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Municipal Markets

The Municipal Bond Market: 4Q 2023 Summary

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MMA’s 10-year index’s positive return of 7.44% in 2023 was not only consistent with the recovery following a year of significant loss but was also greater than the average return since 1965.Q423 was defined by more dovish Fed sentiment and expectations of a pivot in 2024. Following losses in October, the final two months of 2023 posted a cumulative total return of 9.58% for municipals, the strongest 2-month TRR advance since August 1982 and the fourth strongest 2-month advance on record since 1965. Short-term Treasuries rallied ~100 bps in 4Q23; and municipals followed, with MMA’s AAA 5% Benchmark 2-yr yield falling to 2.56% on December 29th, down from 3.59% at September’s end.
While municipals and Treasuries both rallied in Q4, municipals generally outperformed so that relative value ratios dropped considerably. Bloomberg’s AAA municipal 10-yr yield as a percentage of the US Treasury yield dropped from ~75% at the end of Q3 to ~58% at year end, which was the lowest it had been since June 2021. Municipal fund flows remained biased towards outflows throughout Q4, though the magnitude of the outflows waned in December. There seemed to be greater interest in extending duration, as long-term municipal funds started to see inflows. In 2023, municipal bond issuance was down -2.8% YoY, following a more robust than expected Q4. December’s municipal issuance, at $23.8B, was up 17% from December 2022. MMA expects issuance to trend upward in 2024 amid expectations of rate cuts, and because of climate related needs issuance could well reach an annual total in excess of $600B by the end of the decade.
An exceptional 2-month gain has rarely been followed by a large 1-month loss. Rather, it has more often been followed by small gains or stability.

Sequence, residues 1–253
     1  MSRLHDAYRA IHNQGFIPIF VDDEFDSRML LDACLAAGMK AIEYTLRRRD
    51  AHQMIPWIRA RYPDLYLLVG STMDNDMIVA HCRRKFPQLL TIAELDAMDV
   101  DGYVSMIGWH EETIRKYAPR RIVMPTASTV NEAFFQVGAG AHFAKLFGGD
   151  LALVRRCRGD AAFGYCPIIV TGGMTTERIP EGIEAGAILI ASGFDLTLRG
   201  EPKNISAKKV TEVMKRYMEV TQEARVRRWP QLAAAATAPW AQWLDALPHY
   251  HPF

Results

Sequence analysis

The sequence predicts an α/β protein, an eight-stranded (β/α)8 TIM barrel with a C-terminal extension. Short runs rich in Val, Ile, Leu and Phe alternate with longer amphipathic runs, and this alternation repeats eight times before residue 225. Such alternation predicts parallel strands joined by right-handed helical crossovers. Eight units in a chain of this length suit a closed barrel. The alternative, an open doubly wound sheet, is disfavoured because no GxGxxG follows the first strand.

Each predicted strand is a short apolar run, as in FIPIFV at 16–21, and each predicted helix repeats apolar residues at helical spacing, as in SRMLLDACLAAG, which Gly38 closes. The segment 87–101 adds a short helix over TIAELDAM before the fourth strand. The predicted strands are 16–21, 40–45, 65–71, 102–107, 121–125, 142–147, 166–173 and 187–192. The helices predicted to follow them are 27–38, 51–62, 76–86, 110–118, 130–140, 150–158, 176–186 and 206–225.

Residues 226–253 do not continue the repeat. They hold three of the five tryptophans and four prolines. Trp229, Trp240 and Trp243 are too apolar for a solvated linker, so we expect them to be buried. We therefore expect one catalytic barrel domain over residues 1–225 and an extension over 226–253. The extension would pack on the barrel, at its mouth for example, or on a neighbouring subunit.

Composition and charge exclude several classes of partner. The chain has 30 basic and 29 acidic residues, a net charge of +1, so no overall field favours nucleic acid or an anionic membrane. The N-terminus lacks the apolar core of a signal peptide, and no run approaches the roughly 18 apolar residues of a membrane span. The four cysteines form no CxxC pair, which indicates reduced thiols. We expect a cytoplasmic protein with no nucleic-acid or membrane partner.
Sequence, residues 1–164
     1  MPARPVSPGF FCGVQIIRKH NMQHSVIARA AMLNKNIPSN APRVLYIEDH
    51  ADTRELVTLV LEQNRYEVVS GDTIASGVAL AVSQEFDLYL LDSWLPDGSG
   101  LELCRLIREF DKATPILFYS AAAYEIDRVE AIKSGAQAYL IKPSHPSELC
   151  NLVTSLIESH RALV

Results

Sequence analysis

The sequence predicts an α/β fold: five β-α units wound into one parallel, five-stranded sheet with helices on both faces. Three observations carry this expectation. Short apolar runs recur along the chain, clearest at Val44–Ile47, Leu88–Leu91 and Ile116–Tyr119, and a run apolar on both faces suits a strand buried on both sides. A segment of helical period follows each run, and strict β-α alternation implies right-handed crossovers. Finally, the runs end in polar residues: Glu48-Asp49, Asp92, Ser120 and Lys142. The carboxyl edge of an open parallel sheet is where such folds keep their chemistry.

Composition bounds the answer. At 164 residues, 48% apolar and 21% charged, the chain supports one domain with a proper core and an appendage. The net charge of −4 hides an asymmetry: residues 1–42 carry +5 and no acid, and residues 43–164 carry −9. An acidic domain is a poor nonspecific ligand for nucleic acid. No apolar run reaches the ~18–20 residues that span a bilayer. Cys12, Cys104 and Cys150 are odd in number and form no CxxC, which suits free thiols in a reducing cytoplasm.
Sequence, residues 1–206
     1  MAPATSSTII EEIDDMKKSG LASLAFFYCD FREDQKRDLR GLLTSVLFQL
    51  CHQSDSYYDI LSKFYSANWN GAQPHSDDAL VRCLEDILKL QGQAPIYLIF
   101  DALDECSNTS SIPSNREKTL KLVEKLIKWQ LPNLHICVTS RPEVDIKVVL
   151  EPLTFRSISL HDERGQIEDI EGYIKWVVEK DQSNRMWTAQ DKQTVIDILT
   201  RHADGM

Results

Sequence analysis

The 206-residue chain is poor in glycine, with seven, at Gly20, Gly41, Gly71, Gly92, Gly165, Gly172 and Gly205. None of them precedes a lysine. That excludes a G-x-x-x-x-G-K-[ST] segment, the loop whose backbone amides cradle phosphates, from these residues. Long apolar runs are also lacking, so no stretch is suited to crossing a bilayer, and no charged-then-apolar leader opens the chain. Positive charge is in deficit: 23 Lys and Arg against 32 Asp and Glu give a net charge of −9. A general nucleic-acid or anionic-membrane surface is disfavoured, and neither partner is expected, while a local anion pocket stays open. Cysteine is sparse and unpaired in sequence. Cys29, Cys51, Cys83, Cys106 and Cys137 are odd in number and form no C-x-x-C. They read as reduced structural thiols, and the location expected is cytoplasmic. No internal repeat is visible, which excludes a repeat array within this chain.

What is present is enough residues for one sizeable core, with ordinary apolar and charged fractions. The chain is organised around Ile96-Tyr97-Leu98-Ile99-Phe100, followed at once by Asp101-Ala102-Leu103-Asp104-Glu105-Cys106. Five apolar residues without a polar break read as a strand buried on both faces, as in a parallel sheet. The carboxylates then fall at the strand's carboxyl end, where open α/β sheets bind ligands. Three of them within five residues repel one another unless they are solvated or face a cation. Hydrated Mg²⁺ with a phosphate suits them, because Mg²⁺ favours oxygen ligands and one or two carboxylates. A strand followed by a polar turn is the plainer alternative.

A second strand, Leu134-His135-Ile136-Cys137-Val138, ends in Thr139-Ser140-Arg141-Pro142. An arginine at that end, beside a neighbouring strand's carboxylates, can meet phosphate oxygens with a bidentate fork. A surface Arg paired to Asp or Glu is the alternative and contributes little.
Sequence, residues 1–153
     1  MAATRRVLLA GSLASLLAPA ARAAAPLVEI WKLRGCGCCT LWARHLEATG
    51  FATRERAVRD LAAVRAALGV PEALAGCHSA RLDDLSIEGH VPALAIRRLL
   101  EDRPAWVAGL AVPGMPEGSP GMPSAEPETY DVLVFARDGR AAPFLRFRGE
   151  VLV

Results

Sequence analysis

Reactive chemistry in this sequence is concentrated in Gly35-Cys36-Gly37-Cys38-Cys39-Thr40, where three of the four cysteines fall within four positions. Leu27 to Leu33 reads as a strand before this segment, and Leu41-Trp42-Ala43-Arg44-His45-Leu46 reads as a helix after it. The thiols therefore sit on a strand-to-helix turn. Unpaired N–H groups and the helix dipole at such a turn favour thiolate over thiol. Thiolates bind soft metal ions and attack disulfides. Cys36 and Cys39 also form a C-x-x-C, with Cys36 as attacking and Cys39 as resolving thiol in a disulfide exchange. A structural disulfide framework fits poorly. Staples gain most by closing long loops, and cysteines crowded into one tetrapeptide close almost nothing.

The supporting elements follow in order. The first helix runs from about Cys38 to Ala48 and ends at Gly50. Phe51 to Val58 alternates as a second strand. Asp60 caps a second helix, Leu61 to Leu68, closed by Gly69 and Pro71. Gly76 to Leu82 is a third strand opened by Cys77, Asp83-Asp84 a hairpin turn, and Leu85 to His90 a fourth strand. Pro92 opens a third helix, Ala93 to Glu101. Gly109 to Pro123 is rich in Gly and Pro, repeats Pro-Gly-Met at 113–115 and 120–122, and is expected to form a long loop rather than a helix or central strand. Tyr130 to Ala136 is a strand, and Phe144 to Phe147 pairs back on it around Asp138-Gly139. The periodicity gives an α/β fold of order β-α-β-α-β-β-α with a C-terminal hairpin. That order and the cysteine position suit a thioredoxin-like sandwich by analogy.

Price momentum remained negative for most of October. There was a brief reprieve at mid-month following news of renewed Middle East conflict. However, municipals resumed their progression to higher yields soon after retail sales, employment and CPI data reiterated the strength and resilience of the US consumer. The latter continued to produce great angst for financial markets, resulting in another month of heightened Treasury and municipal volatility. October was the 8th month of the year of above average daily municipal price movement, with just 45% of sessions finishing unchanged vs. an average of 65% over the prior decade. Municipal high yield (HY) had outperformed investment-grade (IG) YTD; however, in October, IG posted better returns across most maturities, suggestive of retail’s pursuit of value and wariness of HY risks. October’s adversity was reflected via the six sessions of extreme price loss, but October 10th and 11th were also the first and fifth strongest sessions of the year, and represented the second largest two-day price gain since April, 2020. Ultimately, the MMA Price Index posted a loss of -1.35%, consistent with October’s seasonal bias since 1990. The month also represented the third consecutive month of higher yields, and was the fifth October of the last seven to suffer price declines in excess of -1.0%. Among the challenges for the municipal market was the placement of a larger new issue calendar. The mid-month return of negative momentum created greater investor hesitancy, and resulted in more cautious primary pricing. October issuance was $37B, which was +36% above September, but -11% below October’s average issuance over the last decade. October was 2023’s largest month of issuance. Daily offering par remained elevated, as did municipal bids wanted par. Competitive sales did provide some assistance to reduce the month’s losses. But the heavy calendar was priced into numerous volatile fundamental events, including the election of a new US House Speaker. Wealth managers and media outlets also amplified the perspective that tax-exempts were projecting solid performance and entry points, which, in addition to tax-loss swaps, resulted in soaring retail and institutional trading volumes. Price momentum closed the month in a neutral condition.